Study to Determine if There Are Specific Clinical Factors to Determine Stent Encrustation
Ureteral stent placement is one of the most common procedures performed within urology. The stents are generally placed for relief of obstruction or to prevent obstruction following a urological procedure. Most patients with ureteral stents will eventually form stent encrustations. However, patients form these encrustations at dramatically different degrees and rates ranging from no encrustation at 1 year of stenting to severe encrustation in just a few weeks. The purpose of this study is to determine if the degree of encrustation on a stent for any given patient can be predicted based on 24 hour urine parameters prior to stent placement, with the stent in place and after stent removal.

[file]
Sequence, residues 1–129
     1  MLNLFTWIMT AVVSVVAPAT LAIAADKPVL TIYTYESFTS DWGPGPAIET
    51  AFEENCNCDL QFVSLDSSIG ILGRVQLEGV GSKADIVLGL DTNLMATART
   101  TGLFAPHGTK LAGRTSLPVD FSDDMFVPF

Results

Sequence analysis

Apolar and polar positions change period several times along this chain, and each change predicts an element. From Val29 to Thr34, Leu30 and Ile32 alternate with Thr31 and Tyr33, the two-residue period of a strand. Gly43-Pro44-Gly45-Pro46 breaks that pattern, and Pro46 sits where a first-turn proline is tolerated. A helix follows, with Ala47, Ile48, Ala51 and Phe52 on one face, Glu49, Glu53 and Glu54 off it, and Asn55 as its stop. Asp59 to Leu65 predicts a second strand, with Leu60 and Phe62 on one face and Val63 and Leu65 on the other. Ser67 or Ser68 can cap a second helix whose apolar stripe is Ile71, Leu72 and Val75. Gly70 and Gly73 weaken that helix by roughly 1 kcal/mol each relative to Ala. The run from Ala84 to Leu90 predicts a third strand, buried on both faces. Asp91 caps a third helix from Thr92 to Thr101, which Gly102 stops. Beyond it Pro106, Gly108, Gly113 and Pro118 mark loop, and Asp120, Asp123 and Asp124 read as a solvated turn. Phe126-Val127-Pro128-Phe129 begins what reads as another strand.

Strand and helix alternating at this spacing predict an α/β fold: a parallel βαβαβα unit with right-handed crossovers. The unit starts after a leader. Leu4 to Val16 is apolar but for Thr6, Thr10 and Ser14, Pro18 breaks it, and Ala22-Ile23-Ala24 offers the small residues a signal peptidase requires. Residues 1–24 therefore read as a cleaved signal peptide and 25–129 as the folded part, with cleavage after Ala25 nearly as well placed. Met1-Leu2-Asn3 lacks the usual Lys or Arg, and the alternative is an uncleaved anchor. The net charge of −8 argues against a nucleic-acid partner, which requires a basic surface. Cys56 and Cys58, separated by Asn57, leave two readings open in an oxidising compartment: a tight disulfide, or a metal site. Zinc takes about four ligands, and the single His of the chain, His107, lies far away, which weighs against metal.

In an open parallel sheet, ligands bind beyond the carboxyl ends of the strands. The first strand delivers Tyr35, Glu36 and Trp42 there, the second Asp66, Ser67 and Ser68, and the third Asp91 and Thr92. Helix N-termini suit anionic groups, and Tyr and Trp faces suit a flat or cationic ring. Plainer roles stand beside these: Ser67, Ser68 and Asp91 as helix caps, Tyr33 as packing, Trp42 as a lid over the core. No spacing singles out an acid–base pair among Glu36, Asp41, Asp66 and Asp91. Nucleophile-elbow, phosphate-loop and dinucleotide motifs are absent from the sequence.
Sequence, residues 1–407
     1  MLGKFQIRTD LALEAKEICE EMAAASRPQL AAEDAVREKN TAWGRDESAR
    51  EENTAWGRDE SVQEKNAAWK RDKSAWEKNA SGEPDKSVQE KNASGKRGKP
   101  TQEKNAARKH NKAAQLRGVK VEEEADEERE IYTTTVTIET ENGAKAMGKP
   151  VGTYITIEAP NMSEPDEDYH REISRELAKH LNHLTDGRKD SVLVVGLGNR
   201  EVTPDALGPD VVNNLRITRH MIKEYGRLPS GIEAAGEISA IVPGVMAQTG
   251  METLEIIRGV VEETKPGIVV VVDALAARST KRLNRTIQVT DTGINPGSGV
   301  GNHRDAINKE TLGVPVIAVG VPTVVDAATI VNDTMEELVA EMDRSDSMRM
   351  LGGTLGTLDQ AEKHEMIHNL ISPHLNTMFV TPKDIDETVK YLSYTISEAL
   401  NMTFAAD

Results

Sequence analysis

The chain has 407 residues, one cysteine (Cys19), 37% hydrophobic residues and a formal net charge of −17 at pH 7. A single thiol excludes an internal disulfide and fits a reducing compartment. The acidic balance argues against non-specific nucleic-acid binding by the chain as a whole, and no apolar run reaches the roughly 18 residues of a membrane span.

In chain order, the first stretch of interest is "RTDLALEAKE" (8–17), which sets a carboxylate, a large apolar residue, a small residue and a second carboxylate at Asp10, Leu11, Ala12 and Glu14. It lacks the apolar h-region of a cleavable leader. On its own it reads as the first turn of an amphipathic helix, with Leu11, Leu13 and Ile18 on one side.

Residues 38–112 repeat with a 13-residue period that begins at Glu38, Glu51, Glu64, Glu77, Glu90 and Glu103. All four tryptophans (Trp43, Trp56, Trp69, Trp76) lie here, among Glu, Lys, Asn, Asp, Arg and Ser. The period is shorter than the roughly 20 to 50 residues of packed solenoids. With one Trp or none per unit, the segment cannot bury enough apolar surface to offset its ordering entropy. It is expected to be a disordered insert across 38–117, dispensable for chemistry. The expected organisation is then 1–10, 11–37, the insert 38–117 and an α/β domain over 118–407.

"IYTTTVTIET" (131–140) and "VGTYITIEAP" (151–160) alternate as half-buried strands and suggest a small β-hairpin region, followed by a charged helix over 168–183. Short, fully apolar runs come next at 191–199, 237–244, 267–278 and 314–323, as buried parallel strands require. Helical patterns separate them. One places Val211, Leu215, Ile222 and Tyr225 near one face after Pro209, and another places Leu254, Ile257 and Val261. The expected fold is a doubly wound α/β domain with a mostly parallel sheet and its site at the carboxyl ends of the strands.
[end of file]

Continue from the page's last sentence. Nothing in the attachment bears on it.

Patients who will be receiving stents for other urological reasons will have a 24 hour urine sample collected before stent placement, while the stent is in place and after the stent has been removed. The parameters examined in the 24 hour urine collected will then be compared to the amount of encrustation there is on the stent to see if there is any correlation between the two.
|Study Design:||Observational Model: Cohort
Time Perspective: Prospective
|Official Title:||Study to Determine if There Are Specific Clinical Factors to Determine Stent Encrustation|
Please refer to this study by its ClinicalTrials.gov identifier: NCT00581178
|United States, California|
|University of California, Irvine Medical Center|
|Orange, California, United States, 92868|
|Principal Investigator:||Ralph Clayman, MD||University of California, Irvine|